Limiting Your Inner Artist
Released as a free-to-start free app on the Switch eShop, Coloring Book is just that – a digital coloring book. Even though this program doesn’t cost anything, the limited options and scope of overall design won’t hold your attention unless you are under six years old.
The user is free to add color using a number of different painting tools but every aspect is rather limited and the software makes some odd design choices. For example, this app only uses the Joy-Con controllers; the Pro Controller is not supported nor is this warning detailed anywhere. I actually thought my Pro Controller was broken as I couldn’t do anything from the main menu. Stranger yet, the Joy-Cons are used independently in vertical only mode. Sure, this encourages co-op painting sessions but makes navigating the main menu a chore since left Joy-Con can only scroll left and right Joy-Con can only scroll right.
A painting app like this would be perfect for Wii Remote pointer style control but only analog stick support is active here. Combine this inaccurate control with the limited tool set, filling in some smaller areas is rather difficult. The face buttons are used to select the paint tool, like the brush or paint bucket, while the other face buttons cycle through the available colors. Unfortunately, the user can only choose from about a half different colors for each picture which drastically holds back the entire experience. For example, there are dolphins to color in the undersea painting but there is no gray so users will have to paint the dolphin blue, or pink, or maybe even red. This essentially is like coloring with a box of eight crayons instead of that awesome 64-pack. Then there are other strange choices like player 1’s cursor starting on the right side of the screen whereas player 2 starts on the left. There is no pencil tool. There is no option to adjust line or spray thickness. There is no option to adjust analog stick cursor speed. The spray can and scatter paintbrush just doesn’t really fit with the heavily outlined drawings; the paint bucket is really the only way to make the pictures look decent. Each painting is composed of multiple smaller paintings, which is pretty cool, and can be strung together from the main menu and exported to the Switch’s screenshot viewer on the dashboard. True artists will want to bleed each painting into another for cohesiveness.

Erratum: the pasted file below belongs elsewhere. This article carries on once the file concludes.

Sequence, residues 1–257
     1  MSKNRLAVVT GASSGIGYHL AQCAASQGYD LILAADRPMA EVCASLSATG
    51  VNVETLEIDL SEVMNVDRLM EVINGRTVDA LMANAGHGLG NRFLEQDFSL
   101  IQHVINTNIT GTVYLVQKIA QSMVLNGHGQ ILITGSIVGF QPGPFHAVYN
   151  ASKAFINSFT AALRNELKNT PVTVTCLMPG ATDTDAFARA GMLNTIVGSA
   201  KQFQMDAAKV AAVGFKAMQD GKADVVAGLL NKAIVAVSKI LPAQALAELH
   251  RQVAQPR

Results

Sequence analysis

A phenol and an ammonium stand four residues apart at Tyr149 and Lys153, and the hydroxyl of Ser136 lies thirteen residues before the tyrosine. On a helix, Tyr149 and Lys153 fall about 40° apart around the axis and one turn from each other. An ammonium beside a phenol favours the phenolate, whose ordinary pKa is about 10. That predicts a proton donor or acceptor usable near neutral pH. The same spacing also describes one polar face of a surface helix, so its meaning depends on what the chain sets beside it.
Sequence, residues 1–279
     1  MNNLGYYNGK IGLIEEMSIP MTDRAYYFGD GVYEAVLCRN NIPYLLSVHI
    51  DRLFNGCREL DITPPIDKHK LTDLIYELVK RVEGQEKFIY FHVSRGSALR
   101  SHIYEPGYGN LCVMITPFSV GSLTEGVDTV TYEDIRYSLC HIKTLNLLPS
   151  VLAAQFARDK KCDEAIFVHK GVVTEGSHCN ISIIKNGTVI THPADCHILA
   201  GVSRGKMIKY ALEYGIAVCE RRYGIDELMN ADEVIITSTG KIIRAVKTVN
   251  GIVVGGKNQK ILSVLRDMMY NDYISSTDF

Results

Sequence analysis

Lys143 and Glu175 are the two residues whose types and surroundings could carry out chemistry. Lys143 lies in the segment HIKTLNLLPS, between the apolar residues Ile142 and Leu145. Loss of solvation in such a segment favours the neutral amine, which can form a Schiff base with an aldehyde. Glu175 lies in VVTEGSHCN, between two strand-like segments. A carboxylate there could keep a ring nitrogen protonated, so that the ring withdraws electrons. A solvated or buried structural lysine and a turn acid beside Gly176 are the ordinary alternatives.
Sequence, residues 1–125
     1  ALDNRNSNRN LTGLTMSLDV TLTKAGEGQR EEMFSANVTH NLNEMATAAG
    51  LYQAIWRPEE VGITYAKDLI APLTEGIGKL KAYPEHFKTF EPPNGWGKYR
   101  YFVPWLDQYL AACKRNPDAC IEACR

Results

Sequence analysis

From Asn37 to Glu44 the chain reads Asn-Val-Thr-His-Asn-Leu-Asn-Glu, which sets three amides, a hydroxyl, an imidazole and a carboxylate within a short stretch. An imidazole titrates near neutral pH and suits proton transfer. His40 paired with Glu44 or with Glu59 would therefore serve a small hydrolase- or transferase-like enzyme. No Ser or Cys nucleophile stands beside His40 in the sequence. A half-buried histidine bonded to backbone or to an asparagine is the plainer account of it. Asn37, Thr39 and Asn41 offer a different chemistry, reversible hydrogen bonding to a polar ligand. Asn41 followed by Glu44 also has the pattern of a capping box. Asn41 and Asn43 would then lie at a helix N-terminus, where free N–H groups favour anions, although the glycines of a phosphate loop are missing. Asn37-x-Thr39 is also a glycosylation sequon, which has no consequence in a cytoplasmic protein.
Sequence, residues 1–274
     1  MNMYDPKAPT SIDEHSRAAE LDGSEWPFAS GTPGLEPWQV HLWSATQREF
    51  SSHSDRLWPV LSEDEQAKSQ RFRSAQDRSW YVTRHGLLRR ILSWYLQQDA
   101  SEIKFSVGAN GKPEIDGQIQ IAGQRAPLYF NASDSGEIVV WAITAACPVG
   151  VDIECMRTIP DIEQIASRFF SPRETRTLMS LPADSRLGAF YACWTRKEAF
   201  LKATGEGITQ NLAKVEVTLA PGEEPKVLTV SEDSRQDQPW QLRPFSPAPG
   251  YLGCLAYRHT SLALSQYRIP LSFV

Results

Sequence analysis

Downloading the app gives the player access to a couple paintings but paid DLC ($5) is available that unlocks several more paintings like the barn setting, construction site, a little girl’s room, and some cats. The coffee house style music is also super chill but limited just the content within the app. To be fair, it is hard to knock something that is free, but Color Book’s extremely restrictive scope will probably not inspire many artists. The only way this app can be enjoyed is if wanting to show your young Switch player, say in pre-school or kindergarten, some basic coloring techniques. Otherwise, go buy a coloring book and a box of crayons from your local dollar store.
Not As Good As: free paint apps on your phone
Also Try: Mario Paint (SNES) or any of the Art Academy titles
Wait For It: Super Mario Maker 2